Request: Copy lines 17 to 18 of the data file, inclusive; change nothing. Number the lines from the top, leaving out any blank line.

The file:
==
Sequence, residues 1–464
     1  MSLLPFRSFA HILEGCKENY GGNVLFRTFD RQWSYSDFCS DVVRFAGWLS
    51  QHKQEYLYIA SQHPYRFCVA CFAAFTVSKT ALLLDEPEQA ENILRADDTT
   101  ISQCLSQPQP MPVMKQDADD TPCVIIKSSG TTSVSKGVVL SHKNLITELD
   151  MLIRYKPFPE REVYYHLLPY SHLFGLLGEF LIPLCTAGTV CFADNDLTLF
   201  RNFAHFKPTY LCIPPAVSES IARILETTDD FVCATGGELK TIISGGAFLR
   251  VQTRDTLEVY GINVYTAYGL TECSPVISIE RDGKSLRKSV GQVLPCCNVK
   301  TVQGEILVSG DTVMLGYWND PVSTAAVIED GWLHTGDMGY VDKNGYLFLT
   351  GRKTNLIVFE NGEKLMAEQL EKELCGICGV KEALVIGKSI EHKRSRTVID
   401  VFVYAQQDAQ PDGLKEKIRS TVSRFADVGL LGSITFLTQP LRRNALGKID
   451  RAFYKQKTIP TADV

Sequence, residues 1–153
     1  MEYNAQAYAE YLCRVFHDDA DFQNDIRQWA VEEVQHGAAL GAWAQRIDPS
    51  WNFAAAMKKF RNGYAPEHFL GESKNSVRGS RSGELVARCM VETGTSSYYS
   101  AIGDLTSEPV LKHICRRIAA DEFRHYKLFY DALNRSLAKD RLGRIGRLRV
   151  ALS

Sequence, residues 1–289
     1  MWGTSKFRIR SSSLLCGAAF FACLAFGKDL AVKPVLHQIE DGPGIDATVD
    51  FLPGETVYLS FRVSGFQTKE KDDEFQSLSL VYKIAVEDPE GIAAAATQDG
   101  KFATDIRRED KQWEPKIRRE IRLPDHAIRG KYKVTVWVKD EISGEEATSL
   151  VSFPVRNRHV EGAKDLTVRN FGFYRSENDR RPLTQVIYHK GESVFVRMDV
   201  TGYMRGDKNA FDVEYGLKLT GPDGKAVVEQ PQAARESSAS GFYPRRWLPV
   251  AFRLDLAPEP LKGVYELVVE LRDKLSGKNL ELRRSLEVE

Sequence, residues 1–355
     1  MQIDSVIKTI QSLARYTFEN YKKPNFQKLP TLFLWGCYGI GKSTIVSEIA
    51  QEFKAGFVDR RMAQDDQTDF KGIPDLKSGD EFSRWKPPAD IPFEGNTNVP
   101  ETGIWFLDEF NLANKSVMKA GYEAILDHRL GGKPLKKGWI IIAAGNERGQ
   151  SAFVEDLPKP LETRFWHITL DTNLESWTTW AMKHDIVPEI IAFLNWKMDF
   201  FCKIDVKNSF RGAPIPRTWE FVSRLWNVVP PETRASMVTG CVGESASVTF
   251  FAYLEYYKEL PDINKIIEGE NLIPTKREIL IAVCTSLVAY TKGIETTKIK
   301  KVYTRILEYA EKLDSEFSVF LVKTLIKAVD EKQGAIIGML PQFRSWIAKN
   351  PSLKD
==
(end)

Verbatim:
Sequence, residues 1–289
     1  MWGTSKFRIR SSSLLCGAAF FACLAFGKDL AVKPVLHQIE DGPGIDATVD